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German wasp | Vespula germanica

German wasp

Vespula germanica

Coral bush | Ardisia crenata

Coral bush

Ardisia crenata

Purple loosestrife | Lythrum salicaria

Purple loosestrife

Lythrum salicaria

Pom pom weed | Campuloclinium macrocephalum

Pom pom weed

Campuloclinium macrocephalum

Canarybird bush | Crotalaria agatiflora

Canarybird bush

Crotalaria agatiflora

Peanut butter cassia | Senna didymobotrya

Peanut butter cassia

Senna didymobotrya

Rubber vine | Cryptostegia grandiflora

Rubber vine

Cryptostegia grandiflora

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Environmental Programmes

In order to tackle our country’s socio-economic challenges, the government adopted the Outcomes based approach to improve government performance and providing focus on service delivery. find out more

Rubber vine

Cryptostegia grandiflora

Common name:

Rubber vine

Scientific name:

Cryptostegia grandiflora

Alternative common names:

India rubber vine, Palay rubber vine, purple allamanda. 

Rubber vine is a perennial woody climber or vine, which can also grow as a sub-shrub in open situations. It’s a highly invasive weed in semi-arid natural ecosystems, especially dry or monsoonal rainforest.

Additional Info

  • Where does this species come from?


    What is its invasive status in South Africa?

    NEMBA Category 1b

    Where in South Africa is it a problem?

    Limpopo, Mpumalanga and North West Provinces.

    How does it spread?

    It is scattered short distances from the parent plant by wind that catches the tufts on the seed ends, or longer distances by floating on floodwaters. Most seed remains viable even after the pods have floated on fresh or salt water for over a month, potentially leading to spread between catchments. Seeds can also be potentially spread by birds, or in mud attached to vehicles, machinery and animals.

    Why is it a problem?

    Rubber vine smothers and kills native vegetation. It is a severe threat to biodiversity. It also severely threatens riverine vegetation, and can potentially displace the plants and animals that inhabit riverbanks, thereby affecting the water quality of streams. In addition, the vine exudes a poisonous, milky sap that is known to kill livestock and other animals that feed on the plant.

    What does it look like?

    Leaves:- The leaves occur in pairs and are a glossy dark green in colour. They are oval-shaped with tapered ends (elliptical), 60–100 mm long and 30–50 mm wide. Flowers: - Flowers large and showy, white internally, pinkish-white to lilac externally; corolla funnel- or trumpet-shaped, 5-6 cm long, 5-8 cm diameter, with 5 pointed, broadly spreading lobes. Fruit/seeds: - Fruits (follicles) are large green pods, 10-15 x 3-4 cm, produced in pairs horizontally opposed and diverging from the tip of a short common stalk; sharply 3-angled and tapering to a long beak. The pod contains 200-350 large (5-10 x 1.5-3 mm), ovate, brown seeds with a tuft (coma) of long (19-38 mm), fine, silky-white hairs at one end.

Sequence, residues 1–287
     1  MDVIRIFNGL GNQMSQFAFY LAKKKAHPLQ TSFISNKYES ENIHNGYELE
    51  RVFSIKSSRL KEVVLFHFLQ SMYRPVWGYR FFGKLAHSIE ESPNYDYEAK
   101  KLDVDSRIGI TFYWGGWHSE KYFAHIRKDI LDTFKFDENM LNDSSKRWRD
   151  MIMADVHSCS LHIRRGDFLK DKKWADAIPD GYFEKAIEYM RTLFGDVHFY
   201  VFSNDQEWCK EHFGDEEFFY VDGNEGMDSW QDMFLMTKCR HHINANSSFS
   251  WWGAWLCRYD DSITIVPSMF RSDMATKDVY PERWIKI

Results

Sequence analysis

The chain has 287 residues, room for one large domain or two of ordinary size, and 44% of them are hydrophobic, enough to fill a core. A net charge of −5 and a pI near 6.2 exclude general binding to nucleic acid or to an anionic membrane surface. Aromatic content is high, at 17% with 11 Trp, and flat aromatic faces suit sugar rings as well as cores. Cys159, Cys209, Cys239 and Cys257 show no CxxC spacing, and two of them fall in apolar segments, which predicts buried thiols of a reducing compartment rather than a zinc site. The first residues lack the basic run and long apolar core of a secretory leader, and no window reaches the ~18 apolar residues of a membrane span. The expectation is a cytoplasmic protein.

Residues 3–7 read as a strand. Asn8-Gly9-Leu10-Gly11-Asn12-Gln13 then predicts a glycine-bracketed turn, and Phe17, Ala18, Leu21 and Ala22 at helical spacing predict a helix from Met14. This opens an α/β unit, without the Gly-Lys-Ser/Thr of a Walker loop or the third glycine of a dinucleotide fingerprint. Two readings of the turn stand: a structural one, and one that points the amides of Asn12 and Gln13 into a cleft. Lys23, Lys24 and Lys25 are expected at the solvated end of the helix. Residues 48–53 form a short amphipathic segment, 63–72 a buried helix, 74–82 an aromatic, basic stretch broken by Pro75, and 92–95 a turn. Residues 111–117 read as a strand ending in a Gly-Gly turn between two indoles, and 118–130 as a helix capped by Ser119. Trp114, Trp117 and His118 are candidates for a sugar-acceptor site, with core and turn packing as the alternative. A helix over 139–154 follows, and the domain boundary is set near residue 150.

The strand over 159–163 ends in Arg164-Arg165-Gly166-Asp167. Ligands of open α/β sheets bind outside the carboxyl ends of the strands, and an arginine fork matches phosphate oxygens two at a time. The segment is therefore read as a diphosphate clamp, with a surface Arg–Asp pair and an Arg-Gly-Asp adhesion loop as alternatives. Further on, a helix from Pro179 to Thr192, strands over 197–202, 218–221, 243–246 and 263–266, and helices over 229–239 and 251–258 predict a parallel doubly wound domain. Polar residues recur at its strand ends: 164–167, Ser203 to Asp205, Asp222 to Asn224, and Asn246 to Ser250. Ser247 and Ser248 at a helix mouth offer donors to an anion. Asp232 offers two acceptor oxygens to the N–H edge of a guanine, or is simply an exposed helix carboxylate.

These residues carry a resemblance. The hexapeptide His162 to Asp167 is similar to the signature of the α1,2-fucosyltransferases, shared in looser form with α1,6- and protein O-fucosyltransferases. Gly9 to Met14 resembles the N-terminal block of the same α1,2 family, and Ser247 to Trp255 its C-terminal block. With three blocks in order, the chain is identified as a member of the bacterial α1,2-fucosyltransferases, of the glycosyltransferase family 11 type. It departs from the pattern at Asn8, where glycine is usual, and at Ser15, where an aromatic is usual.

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General News Updates

2019 National Symposium on Biological Invasio…


This is your invitation to South Africa's 2019 National Symposium on Biological Invasions. The convention is hosted by the Centre for Invasion Biology (CIB), University of Stellenbosch, and the Biolo... Read more

2019 Invasive Species Training


During the past five years (2014-2018), ISSA invasive species trainers have trained 4 000 in the identification of invasive species and laws pertaining to invasive species across South Africa.  ... Read more

Alien Grass Working Group


Who are we? The South African National Alien Grass Working Group was jointly initiated by the South African Biodiversity Institute (SANBI) and the Centre for Excellence in Invasion Biology (C·I·B) in... Read more

Permits for planting indigenous Cynodon?


On 16 February, 2018, South Africa's Department of Environmental Affairs issued amendments to the regulations and lists relating to the National List of Invasive Species.  Updates to the draft&n... Read more

Invasive species training 2018 dates released


Interested in invasive species?  How much do you know about NEMBA invasive species compliance for landowners and organs of state? The South African Green Industries Council (SAGIC) have released... Read more

Communications post for Africa advertised


The Nature Conservancy has advertised a brand new post:  Communications Manager, Africa Region. Knowledge of invasive species and water would be an asset in this post. See details below:    Job Titl... Read more